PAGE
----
Since the war, however, at least half of all Palestinian stores have now been forced to close their doors either entirely or partially, according to Louay al-Husseini, the general manager of the Arab Chamber of Commerce and Industry.

“The majority of shops depend on tourism, and there is zero tourism over the past four months,” al-Husseini told Al Jazeera.

“Most of the stores are affected – even the bakeries, and the fruit and vegetable shops – they depend on restaurants, which in turn depend on tourists,” he continued. “It is a chain of production – when one part breaks down, it all breaks down.”

‘Worst state in 40 years’

In another corner of the Old City, Tawfiq al-Halawani is still running his small shop, the shelves of which are overflowing with chocolates, as well as Arab and Turkish sweets.

While his store, like Abu Mohammad’s, is located on a major thoroughfare known as al-Wad Street which runs from Damascus Gate – the largest of the Old City gates – directly to the Al-Aqsa Mosque Compound, there are few buyers. On many days, there are none at all.

“I’ve been in this shop for 40 years. This is the longest and the worst state we’ve lived through in the Old City,” he told Al Jazeera.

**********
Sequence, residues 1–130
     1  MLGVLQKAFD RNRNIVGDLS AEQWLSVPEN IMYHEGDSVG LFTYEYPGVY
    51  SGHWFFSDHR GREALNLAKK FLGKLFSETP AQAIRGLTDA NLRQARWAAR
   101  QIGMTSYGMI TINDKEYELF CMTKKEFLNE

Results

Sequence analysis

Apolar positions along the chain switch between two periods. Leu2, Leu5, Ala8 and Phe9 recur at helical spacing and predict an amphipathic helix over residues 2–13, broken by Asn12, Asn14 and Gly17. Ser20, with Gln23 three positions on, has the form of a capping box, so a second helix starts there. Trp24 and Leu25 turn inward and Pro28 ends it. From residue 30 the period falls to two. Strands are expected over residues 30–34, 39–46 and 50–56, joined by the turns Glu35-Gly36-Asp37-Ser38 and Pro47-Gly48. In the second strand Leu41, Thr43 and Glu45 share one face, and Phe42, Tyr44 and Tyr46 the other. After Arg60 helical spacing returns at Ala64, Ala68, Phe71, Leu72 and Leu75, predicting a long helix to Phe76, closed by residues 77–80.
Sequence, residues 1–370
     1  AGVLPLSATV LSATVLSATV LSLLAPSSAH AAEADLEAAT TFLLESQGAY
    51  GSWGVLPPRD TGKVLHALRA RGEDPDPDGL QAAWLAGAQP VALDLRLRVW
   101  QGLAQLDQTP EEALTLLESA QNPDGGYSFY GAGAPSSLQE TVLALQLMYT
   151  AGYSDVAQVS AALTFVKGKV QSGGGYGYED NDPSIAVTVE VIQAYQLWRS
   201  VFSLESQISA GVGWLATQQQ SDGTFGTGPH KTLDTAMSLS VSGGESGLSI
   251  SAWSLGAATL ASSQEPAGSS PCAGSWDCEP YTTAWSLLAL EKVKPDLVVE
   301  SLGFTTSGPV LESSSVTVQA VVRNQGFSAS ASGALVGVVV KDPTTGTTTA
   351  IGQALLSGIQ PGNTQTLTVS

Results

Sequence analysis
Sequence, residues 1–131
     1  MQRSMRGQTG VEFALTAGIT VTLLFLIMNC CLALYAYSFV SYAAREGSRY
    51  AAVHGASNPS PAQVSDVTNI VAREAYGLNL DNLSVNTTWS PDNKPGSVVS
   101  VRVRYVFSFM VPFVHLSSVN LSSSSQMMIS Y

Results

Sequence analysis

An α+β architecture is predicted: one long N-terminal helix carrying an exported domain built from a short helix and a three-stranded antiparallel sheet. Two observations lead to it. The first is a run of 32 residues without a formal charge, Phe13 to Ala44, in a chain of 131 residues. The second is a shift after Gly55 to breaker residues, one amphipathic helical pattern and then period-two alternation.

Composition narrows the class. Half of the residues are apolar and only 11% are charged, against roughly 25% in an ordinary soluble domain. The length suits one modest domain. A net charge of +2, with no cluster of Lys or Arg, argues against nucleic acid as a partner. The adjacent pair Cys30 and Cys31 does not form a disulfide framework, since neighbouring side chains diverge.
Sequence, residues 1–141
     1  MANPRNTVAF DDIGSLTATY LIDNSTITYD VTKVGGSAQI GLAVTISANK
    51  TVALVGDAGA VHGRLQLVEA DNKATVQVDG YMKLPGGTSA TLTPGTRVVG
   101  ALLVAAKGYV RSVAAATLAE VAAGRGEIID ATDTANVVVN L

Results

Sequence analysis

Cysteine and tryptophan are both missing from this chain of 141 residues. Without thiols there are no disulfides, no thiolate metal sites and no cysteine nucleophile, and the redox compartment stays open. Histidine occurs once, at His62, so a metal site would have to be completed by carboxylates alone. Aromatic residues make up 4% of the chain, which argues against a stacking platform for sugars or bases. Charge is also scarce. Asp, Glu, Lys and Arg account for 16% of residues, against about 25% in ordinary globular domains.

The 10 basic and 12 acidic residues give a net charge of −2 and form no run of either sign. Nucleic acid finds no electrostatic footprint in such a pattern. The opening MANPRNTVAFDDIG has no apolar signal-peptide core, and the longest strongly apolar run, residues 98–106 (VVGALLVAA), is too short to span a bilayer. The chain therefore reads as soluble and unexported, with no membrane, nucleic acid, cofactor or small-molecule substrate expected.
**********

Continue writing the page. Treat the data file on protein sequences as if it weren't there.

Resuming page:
“We closed our doors at the start of the war and we opened again after that, but it was useless. We would not sell, nor buy,” he continued. “For the past 130 days, some stores did not open their doors at all or sell anything.”

The Israeli checkpoints at the entrances to the Old City, he says, are “arbitrary, illogical, and there is no excuse for them”.

“They prevent people from praying in the Old City and from shopping. We are at the point of below zero – no one is buying anything while we continue to pay taxes and heavy expenses to keep our shops open,” al-Halawani said.

Many of the shop owners Al Jazeera tried to interview, including elderly men, declined to speak, fearing arrest or punishment by Israeli police.

One storeowner, who took much convincing before he spoke anonymously, told Al Jazeera: “I am a son of Jerusalem and I live in the Old City. I’m afraid to speak out because of the situation we are living in.”

He noted the rise in violence and harassment by Israeli forces, particularly against young Palestinian men, at the checkpoints set up around the Old City, a reality that has further deterred Palestinians from coming to pray or shop.

“Our sons are being beaten, assaulted, kicked – and they get spat at,” the shopkeeper said. “If you try to complain, the officer will tell you ‘So what?’, but if you look at a settler the wrong way, the police will detain us,” the man said.

“If a girl is wearing a keffiyeh, they humiliate her, grab her phone and within minutes you see them handcuffing her and taking her,” he continued.

“My friends ask me: Why do you close on Fridays? I tell them: ‘There’s no people, there are no worshippers.’

“We close our shops the majority of the week. It’s not just me – everyone. If we don’t get provoked by the settlers, then it’s the [Israeli-controlled] Jerusalem municipality, if not the municipality then it’s the police, the army,” he said. “Their hate has become very obvious since the war on Gaza.”